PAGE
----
17-year vet Celeste Santana was diagnosed with a disorder and lost her pension after reporting a sexual assault.
17-year vet Celeste Santana was diagnosed with a disorder and lost her pension after reporting a sexual assault.

Celeste Santana, a former Navy lieutenant commander, lost her pension when she was involuntarily separated from the military in 2011 after 17 years of active duty — three years short of being eligible to retire. Santana says the Navy gave her an adjustment disorder after she reported being sexual assaulted in the middle of the night at a forward operating base in Helmand Province, Afghanistan. She says no medical evaluation ever took place.

An adjustment disorder is an excessive response to a stressful experience, typically lasting three to six months. For example, Gold says, someone who is fired from a job, stops eating, refuses to get out of bed and won’t talk to anyone might be suffering from an adjustment disorder.

Secondary injury

Veterans who talked to CNN all say lack of military response to their reports of assault added to their emotional trauma. Gold says therapists call this a „secondary injury.“ McClendon, Moore and Schroeder each say they became suicidal.

Panayiota Bertzikis received an adjustment disorder diagnosis and was forced out of the Coast Guard in 2006 — after reporting to her superiors that she had been punched in the face and raped by a shipmate during an off-duty hike.

When she reported the attack, Bertzikis says the chief of her Coast Guard station ordered her and her attacker to clean out an attic on base together and told to work out their differences.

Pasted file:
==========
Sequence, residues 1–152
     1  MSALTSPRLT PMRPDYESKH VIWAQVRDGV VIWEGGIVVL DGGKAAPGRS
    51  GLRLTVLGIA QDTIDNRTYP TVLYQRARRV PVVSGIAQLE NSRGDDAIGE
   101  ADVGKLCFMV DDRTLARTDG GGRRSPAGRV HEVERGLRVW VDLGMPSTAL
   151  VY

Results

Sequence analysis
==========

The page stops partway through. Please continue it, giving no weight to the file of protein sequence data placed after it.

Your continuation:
„I am the victim of this crime, and then you report it, and then I felt like I was the one on trial — I was the one who did something wrong,“ Bertzikis says. „He got a free pass. I was the one fighting to stay in.“

Bhagwati, who runs the Service Women’s Action Network, says the sense of betrayal is profound for sexual assault victims whose allegations are not taken seriously.

„Very commonly victims will hear that they’re lying whores. It’s very common,“ Bhagwati says. „That kind of betrayal deepens the trauma so, so much, and it’s hard to recover from that. I mean, it’s akin to incest where you grow up with a family, with someone you trust, admire and in many cases, salute, is your perpetrator. It’s a huge betrayal that often entails guilt, embarrassment, shame. You’re made to feel that you did something wrong and you could have prevented it from happening.“

In the civilian world, sexual assault victims can quit their jobs, go to court, go to the media, says J.D. Hamel, a Marine veteran and Yale Law student involved at the Veterans Legal Services Clinic. If higher-ups don’t follow-up on allegations, Hamel explains, there is no other recourse.

„If the command doesn’t deal with it, no one is going to deal with it,“ he says. „It’s just a very lonely position to be in. It’s hard for people who have never been in the military to realize how all-encompassing military life is.“

Rep. Jackie Speier, D-California, says the military has used personality and other psychiatric diagnoses „almost robotically“ to force women who report sexual assaults out of the service.

„It’s the default position the military uses,“ says Speier, a member of the House Armed Services Committee. „The problem we have in the military is the unit commander is in charge of the entire process.“

Speier has introduced legislation that would take sexual assault cases out of the chain of command and assign them to an autonomous office at the Pentagon.

Bhagwati says victims of sexual assault in the military should be able to sue for damages in civil court.